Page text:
The campaign to send some 22,000 Monaco homes by post “Un sac pour la vie” (A bag for life), is in full swing this week, compliments of the Monaco Government.
And Monaco Life is supporting the initiative by asking readers to spread the environmentally-friendly message. Take a creative picture of you with your new bag anywhere in Monaco and tag the photo in Instagram (@monacolife_) or Facebook (@monacolife.net) #sacpourlavie #monacolife. We’ll post various shots on our homepage and over the next month, the winning image will win a year’s subscription to Monaco Life’s Premium Service, which includes free access to Urbanologie.
Although a ban against the use of plastic shopping bags has been in effect in the Principality since June 1, 2016, Mme Marie-Pierre Gramaglia, Minister of Public Works, the Environment and Urban Development, launched the “A bag for life” initiative officially on September 7.
“There are 250 billion plastics bags in the Mediterranean sea,” Mme Gramaglia pointed out, and each bag takes 450 years to decompose. In Europe, each person uses on average 200 plastic bags per year.
“The Bag for Life campaign therefore has two meanings,” the Minister, in the presence of Mme Valerie Davenet, Director of the Environment, added. “First, a reusable biodegradable cotton bag you can use for life, and second, one less plastic bag in the Mediterranean.”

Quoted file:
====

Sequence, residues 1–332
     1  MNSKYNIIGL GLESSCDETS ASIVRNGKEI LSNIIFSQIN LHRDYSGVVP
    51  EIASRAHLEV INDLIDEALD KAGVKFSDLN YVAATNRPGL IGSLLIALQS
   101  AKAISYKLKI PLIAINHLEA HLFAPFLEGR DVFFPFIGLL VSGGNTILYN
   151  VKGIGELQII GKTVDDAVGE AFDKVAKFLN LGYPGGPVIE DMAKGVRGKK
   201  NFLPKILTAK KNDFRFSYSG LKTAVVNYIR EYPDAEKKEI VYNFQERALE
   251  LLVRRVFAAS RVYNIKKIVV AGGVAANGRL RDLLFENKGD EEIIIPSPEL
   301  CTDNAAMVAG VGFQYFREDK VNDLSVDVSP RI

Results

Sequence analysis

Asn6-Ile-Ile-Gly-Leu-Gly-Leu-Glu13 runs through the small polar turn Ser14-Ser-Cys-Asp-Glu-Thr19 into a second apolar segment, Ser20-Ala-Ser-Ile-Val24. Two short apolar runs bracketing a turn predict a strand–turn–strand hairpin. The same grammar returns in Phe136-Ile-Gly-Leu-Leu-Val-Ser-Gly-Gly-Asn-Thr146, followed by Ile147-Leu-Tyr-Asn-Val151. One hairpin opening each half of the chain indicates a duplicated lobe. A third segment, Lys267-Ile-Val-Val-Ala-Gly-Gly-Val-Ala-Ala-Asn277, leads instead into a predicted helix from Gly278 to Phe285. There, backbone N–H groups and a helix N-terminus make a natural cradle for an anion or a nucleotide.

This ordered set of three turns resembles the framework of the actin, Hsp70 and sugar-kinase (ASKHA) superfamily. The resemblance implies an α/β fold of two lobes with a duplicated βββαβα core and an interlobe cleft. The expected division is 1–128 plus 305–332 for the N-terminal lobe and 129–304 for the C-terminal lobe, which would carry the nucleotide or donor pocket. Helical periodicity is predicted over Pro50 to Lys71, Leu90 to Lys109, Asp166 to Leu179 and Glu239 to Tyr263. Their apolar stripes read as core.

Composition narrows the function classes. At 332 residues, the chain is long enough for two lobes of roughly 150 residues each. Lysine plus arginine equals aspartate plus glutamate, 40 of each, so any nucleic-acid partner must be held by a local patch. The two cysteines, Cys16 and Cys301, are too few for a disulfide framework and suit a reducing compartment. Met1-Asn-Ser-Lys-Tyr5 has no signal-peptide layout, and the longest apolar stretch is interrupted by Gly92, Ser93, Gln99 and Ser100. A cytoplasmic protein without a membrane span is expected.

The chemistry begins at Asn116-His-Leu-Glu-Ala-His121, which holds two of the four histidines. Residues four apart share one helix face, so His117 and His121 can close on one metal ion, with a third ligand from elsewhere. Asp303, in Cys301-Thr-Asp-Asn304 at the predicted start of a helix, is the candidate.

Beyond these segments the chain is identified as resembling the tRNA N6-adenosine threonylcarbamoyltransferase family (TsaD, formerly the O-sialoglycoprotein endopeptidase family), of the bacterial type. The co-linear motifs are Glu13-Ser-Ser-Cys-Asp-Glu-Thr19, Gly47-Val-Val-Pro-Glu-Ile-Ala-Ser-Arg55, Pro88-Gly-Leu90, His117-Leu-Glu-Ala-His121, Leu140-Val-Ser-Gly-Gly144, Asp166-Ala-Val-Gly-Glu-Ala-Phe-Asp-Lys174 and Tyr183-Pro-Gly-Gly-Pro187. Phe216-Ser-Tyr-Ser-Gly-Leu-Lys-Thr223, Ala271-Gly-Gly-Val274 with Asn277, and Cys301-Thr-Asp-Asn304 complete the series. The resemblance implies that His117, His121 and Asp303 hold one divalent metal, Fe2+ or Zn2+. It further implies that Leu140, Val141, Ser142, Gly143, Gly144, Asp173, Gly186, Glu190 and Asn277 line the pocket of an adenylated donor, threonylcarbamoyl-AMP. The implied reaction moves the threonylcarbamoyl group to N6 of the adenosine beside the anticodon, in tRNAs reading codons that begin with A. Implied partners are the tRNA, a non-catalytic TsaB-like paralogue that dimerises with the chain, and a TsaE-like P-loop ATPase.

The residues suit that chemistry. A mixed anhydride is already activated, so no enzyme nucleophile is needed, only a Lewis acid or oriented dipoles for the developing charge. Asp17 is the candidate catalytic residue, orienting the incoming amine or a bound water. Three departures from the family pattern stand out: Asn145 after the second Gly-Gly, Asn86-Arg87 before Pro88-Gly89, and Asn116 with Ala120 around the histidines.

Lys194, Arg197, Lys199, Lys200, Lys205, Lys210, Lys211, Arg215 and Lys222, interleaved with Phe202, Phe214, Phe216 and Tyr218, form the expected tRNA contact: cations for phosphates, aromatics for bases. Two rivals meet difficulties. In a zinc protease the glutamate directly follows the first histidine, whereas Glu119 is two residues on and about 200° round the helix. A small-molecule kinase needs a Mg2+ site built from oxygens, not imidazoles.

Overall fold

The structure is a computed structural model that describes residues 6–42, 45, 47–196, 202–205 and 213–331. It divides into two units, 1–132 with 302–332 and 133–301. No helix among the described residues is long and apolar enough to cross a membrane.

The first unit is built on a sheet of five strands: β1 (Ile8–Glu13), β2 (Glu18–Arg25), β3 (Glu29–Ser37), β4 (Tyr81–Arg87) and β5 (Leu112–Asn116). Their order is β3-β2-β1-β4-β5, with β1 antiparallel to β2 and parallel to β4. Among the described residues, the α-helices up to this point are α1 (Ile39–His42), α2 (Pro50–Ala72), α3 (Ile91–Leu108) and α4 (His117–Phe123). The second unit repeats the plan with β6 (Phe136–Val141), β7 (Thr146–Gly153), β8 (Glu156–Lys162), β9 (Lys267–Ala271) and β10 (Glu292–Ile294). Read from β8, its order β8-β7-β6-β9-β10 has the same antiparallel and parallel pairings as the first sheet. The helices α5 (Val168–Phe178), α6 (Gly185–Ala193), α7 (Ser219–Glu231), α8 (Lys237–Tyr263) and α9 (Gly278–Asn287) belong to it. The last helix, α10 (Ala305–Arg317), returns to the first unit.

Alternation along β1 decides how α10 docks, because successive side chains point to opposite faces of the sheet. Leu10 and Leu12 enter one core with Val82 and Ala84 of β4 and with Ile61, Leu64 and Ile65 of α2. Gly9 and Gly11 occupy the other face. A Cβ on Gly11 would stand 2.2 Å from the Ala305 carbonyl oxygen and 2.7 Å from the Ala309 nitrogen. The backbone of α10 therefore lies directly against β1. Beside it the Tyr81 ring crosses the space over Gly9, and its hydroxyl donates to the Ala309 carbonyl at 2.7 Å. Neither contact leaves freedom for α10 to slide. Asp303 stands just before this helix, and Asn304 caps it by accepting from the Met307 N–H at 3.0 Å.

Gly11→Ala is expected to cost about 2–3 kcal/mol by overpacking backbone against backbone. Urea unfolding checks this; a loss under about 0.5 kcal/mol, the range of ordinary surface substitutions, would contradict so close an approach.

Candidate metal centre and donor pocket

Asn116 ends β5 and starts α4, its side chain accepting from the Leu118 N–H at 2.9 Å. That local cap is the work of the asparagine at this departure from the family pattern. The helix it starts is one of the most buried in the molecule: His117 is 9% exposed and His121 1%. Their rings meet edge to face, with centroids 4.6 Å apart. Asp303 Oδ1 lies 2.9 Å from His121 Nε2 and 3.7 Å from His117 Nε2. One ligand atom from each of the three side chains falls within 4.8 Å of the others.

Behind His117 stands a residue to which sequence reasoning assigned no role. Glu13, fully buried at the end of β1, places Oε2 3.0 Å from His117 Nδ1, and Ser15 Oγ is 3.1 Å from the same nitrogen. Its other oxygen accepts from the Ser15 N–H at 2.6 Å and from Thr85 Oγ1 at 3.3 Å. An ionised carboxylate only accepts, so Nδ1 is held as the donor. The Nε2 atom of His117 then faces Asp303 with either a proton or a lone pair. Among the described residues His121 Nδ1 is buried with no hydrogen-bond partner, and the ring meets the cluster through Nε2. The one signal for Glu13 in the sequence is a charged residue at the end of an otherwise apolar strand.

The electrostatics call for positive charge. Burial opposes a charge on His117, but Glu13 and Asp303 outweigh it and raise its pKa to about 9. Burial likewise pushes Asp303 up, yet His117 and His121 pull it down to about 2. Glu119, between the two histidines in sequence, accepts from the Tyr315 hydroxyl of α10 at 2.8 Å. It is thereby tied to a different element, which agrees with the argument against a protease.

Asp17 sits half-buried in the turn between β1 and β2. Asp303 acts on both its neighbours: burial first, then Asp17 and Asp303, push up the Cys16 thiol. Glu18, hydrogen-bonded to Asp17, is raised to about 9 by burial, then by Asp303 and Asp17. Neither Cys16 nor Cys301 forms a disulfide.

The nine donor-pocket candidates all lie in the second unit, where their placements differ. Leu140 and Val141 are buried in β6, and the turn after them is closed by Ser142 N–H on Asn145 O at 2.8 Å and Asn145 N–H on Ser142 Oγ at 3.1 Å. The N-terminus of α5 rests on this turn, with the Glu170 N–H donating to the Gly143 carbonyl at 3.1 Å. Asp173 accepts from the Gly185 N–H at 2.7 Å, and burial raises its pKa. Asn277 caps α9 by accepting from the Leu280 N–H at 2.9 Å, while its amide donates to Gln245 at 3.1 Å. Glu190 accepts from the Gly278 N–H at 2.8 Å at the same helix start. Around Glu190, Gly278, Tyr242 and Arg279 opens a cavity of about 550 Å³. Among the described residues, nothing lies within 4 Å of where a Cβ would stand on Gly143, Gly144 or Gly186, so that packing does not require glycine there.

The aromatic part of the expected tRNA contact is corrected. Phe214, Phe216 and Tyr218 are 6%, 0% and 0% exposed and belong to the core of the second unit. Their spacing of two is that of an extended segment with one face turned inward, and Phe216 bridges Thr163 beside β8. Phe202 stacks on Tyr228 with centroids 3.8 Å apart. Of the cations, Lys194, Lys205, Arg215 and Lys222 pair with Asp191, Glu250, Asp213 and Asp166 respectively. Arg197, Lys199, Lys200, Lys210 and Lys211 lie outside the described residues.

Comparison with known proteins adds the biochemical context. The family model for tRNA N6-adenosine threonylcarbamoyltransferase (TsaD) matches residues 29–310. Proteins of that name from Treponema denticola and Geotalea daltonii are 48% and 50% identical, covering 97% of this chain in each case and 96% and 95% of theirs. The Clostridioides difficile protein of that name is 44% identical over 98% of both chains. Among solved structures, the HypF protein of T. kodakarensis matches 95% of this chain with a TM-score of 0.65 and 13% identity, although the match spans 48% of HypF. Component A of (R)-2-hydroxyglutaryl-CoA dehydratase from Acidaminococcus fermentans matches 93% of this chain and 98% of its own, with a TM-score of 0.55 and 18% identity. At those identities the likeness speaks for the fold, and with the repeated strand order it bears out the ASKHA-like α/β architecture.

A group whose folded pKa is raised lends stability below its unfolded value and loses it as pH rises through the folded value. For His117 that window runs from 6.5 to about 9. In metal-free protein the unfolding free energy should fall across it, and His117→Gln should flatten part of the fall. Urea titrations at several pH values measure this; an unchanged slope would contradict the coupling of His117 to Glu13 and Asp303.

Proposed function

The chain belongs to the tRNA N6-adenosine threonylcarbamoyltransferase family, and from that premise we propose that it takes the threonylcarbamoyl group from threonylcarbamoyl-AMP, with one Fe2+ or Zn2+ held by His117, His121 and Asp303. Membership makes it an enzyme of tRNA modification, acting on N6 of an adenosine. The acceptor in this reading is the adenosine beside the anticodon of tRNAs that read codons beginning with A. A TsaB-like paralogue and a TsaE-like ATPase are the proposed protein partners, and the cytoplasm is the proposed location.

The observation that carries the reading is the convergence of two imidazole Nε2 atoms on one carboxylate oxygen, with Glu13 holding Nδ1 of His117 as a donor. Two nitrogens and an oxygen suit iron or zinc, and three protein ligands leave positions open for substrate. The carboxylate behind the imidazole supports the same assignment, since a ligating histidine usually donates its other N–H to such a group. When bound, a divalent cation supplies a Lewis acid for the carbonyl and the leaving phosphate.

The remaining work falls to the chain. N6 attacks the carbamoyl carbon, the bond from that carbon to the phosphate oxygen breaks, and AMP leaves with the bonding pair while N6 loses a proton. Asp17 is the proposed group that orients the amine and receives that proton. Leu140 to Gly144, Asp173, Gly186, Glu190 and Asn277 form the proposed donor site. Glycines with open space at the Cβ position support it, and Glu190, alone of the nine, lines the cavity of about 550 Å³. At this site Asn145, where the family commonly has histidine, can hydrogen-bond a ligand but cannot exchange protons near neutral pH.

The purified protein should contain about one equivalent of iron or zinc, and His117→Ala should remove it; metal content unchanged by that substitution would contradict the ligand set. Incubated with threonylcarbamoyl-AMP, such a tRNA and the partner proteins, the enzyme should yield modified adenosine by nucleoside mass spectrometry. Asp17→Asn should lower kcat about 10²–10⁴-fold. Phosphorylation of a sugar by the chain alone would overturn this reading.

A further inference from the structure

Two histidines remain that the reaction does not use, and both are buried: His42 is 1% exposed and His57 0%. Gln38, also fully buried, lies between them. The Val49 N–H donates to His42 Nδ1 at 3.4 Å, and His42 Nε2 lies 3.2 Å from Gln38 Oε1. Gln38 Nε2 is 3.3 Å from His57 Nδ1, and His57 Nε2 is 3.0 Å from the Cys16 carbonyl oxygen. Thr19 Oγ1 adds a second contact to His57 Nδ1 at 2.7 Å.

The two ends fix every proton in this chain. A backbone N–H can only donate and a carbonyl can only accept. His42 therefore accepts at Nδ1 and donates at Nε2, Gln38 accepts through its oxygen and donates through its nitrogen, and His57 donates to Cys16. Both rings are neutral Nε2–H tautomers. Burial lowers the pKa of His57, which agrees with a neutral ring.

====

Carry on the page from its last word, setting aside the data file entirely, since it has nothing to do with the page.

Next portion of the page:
In a week’s time, a royal blue cotton bag, 35 x 35 cm, designed with the words “Un sac pour la vie, A bag for life” will be sent in the mail to each Monaco resident, with a letter from Mme Gramaglia explaining the initiative and an educational pamphlet about plastic bags and the environment.
“We want to convince people to use reusable bags,” Mme Gramaglia said. “We can’t wait for the change, we are the change.”
There are 200 stores in Monaco supporting the plastic bag ban campaign. But the “Sac pour la vie” bags will not be for sale or available from any shop.
A tasteful informative animated video in French will be released in parallel to raise awareness about the negative impact plastic has on the environment and to help promote the “A bag for life campaign”. An English version, with a young boy’s voiceover, is due to be released in the coming weeks.
At the beginning of the New Year 2017, there will be a further ban on disposable packaging plastic bags, like you use to buy fruit and vegetables in the supermarket, that are less than 30 percent bio-based materials (this will rise to 60 percent in 2025). And from January 1, 2020, plastic cutlery and disposable kitchenware will also be forbidden and replaced with utensils made from plant-based compostable materials, the new generation of plastic.
“It’s all about changing our habits,” Mme Gramaglia emphasised.
The ban on plastic bags also went into effect in France on July 1, 2016.
Article first published on September 7, 2016.